Where I’m Calling From by Raymond Carver
Quite possible that this is the strongest collection of fluers du mal that I’ve ever made my way through. Is poison bon bons a better metaphor? How about “the longest collection of quiet, depressing little tales I’ve ever read?” Is that explicit enough? Did I mention that you’ll probably drink more than usual while you read this book? Maybe these are poisoned whiskey sours?
Carver is a modern American master. He captures the middle class and their dissolution and private dissatisfactions. The Great Generation and the Boomers are both well represented in this collection of nearly sixty short stories. They almost all acquit themselves poorly, having made a mess of themselves and the ones they tried to love. The collection is exclusively focused (myopic) on this narrow subset of citizens of the USA. They’re all white. They all live in the burbs. They are all between 18 and 60 in the year 1970, though the stories take place within two decades of that date.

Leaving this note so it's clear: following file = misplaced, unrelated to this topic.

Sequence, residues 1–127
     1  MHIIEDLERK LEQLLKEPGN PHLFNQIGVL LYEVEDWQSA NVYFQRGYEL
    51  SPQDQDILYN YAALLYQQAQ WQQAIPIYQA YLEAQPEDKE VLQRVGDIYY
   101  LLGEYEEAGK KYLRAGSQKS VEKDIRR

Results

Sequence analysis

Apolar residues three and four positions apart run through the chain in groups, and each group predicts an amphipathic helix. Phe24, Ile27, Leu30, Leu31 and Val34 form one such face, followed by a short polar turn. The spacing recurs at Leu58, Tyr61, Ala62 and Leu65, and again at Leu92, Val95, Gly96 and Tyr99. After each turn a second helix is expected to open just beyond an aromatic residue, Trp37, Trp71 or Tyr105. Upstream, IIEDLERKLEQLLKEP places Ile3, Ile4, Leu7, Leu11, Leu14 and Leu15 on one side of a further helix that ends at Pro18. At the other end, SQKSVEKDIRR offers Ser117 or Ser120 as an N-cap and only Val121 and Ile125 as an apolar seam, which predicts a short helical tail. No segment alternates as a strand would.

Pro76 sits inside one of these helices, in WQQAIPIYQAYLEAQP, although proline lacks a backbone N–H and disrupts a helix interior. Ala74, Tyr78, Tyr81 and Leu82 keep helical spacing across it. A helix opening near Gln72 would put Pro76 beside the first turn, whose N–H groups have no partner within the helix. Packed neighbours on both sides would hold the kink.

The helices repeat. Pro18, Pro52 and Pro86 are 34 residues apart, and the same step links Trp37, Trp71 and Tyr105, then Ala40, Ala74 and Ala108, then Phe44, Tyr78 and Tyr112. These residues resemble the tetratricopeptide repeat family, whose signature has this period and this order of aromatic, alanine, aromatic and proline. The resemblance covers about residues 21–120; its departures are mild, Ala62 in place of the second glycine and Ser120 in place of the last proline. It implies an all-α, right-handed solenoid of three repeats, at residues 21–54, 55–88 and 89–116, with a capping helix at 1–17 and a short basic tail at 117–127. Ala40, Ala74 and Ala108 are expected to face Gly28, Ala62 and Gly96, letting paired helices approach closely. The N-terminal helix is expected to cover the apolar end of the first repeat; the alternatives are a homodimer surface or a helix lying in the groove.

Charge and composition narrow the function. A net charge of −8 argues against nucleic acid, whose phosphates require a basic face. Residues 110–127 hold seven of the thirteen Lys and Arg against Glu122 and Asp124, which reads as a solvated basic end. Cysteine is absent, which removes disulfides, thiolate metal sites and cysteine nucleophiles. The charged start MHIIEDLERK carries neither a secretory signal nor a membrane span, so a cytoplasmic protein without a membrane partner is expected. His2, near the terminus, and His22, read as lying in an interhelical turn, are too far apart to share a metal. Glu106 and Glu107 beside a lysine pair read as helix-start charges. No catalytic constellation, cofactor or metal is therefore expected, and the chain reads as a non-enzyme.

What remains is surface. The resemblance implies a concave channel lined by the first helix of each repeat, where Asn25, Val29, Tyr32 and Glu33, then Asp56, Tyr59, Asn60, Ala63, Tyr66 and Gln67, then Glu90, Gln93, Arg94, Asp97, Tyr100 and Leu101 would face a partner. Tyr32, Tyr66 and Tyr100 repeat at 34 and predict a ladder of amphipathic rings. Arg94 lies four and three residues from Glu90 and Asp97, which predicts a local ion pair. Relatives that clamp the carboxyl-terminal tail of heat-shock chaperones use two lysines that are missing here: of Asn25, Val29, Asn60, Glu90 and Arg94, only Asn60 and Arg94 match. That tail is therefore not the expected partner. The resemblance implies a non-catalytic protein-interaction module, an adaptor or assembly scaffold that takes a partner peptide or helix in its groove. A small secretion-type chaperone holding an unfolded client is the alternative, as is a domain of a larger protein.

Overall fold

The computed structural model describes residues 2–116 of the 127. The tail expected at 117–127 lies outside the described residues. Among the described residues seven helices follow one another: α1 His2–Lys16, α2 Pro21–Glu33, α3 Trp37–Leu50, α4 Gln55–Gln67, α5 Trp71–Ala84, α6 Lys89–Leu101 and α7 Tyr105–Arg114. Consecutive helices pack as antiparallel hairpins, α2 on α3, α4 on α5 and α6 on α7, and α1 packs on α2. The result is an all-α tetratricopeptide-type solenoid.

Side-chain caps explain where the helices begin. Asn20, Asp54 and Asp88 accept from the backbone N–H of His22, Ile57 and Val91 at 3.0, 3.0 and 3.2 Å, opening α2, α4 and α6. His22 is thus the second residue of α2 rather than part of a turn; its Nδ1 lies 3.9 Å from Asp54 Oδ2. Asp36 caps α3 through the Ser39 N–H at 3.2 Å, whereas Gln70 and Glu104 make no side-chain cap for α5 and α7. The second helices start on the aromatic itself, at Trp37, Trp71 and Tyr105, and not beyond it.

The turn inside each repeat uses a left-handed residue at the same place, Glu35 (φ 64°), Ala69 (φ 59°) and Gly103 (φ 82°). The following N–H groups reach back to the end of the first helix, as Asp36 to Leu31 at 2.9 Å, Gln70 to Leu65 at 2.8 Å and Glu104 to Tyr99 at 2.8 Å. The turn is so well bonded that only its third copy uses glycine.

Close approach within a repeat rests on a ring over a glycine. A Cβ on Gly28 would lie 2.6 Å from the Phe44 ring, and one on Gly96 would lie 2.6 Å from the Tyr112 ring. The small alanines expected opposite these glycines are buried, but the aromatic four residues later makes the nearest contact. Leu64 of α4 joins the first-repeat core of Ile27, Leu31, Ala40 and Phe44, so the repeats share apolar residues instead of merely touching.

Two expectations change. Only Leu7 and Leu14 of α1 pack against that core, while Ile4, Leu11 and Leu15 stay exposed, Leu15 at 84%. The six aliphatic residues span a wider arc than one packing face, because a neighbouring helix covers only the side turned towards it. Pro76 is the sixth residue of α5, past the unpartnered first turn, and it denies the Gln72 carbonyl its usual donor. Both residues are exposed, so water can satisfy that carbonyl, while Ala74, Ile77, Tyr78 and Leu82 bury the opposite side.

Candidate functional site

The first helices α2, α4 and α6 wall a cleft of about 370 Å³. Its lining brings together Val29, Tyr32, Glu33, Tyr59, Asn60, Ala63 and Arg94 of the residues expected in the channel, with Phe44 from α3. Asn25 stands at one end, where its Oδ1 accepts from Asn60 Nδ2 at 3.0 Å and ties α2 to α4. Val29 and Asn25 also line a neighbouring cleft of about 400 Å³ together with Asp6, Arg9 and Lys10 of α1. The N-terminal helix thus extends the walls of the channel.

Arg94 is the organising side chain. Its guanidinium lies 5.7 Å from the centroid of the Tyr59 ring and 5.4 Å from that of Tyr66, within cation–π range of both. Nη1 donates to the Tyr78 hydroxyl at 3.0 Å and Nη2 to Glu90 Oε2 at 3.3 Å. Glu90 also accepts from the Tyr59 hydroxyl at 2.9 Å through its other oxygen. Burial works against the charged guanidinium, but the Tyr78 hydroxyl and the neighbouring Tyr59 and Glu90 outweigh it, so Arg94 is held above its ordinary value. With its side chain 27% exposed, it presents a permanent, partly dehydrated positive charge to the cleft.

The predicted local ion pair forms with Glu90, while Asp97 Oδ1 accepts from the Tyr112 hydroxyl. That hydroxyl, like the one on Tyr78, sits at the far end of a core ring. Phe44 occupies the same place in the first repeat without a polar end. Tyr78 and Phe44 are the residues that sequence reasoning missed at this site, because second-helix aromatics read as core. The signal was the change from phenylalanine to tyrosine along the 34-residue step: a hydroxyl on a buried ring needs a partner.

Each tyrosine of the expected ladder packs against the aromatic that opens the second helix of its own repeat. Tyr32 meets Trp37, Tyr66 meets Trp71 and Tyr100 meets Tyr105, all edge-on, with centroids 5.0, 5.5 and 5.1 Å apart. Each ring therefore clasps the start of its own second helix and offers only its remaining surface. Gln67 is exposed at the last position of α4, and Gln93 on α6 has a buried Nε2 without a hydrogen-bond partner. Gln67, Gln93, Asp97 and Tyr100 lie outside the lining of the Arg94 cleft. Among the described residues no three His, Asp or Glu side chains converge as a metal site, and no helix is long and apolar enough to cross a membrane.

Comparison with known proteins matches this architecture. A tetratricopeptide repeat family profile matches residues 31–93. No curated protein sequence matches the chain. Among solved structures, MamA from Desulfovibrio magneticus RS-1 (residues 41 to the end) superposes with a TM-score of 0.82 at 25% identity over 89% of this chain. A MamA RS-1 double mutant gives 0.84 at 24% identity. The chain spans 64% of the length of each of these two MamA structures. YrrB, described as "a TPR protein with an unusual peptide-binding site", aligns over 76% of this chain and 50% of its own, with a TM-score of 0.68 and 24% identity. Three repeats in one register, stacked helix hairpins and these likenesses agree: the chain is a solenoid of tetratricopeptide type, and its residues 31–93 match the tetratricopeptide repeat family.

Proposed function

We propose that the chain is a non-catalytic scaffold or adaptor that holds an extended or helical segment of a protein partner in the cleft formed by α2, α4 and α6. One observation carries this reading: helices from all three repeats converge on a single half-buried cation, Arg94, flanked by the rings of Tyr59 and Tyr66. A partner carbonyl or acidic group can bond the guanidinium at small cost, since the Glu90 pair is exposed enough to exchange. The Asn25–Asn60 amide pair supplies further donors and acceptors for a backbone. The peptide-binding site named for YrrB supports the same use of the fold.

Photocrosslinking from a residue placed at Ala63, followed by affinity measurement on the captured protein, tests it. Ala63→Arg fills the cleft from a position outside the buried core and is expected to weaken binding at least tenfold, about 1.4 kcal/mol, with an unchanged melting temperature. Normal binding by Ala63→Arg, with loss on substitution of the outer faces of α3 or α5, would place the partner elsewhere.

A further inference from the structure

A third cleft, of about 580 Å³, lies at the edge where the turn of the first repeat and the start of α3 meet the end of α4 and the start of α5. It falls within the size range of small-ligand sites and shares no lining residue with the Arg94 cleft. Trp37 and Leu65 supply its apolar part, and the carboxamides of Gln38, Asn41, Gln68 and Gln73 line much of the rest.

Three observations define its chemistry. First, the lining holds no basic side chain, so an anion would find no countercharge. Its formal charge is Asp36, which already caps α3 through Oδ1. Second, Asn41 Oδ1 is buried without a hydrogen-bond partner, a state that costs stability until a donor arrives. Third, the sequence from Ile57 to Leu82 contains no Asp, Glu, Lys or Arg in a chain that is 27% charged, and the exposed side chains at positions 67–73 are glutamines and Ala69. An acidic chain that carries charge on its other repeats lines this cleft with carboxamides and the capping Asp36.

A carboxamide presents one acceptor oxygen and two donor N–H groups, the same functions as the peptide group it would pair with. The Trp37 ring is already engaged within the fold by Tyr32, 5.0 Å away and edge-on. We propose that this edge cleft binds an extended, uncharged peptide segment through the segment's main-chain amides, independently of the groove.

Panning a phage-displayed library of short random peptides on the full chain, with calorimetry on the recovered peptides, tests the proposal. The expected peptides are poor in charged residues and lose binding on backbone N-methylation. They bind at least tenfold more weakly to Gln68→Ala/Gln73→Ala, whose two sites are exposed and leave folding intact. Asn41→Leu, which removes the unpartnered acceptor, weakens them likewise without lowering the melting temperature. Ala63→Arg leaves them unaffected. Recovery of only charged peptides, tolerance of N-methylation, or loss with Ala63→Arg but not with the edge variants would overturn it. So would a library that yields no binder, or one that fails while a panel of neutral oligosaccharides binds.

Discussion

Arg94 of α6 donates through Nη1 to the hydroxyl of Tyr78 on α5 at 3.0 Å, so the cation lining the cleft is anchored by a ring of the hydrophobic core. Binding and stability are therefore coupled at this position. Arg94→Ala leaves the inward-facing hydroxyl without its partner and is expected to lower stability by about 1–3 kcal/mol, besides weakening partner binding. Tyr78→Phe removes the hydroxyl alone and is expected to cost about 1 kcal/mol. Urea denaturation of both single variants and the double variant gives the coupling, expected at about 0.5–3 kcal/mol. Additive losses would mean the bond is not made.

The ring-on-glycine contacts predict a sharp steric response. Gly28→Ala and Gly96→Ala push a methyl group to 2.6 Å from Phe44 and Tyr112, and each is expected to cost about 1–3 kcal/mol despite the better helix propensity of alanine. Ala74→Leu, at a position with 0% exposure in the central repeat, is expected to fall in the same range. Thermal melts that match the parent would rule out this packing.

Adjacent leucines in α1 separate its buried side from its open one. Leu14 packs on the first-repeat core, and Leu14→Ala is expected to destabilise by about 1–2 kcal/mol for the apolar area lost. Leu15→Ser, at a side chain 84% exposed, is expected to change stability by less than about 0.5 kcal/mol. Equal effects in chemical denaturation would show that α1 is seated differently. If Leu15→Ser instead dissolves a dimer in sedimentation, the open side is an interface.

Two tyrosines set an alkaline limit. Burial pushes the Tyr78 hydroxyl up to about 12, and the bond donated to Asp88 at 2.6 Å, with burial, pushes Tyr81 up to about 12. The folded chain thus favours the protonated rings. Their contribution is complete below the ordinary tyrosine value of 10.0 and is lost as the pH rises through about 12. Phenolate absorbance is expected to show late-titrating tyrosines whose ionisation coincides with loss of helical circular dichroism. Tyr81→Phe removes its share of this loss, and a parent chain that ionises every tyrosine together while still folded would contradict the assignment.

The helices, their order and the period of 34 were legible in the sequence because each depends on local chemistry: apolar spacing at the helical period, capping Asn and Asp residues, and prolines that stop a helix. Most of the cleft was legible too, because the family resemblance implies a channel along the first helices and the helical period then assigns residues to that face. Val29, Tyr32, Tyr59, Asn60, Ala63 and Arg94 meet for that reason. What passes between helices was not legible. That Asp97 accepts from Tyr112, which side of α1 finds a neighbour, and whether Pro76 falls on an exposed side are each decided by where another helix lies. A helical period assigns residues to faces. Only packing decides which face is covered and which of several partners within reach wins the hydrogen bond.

These people have anger, complacency, petty wrongs, sexual frustrations, failed relationships, and alcoholism. Almost all of them.
Sound kinda grim and unpleasant? It is. Beware. If you read three of his stories and decide it isn’t your bag, that’s cool. They won’t get any nicer than those three. This book has thirty-six of them. Seven are new and were never previously published anywhere else.
Carver is a master. Make no mistake. His sense of the desperate, the unsaid, those things that people can’t speak out loud, even to themselves… is superb. His ear for dialog probably isn’t 100% pitch perfect, but if he misses many notes, I don’t hear most of them.
The final tale is a two part story dealing with the last days of Checkov’s life. For your Trivial Persuit needs, Checkov and wife and physician spent his last hour sipping Moet.
These are heavy stories. Where he’s calling from is a dry-out rehab center. It’s Christmas Day.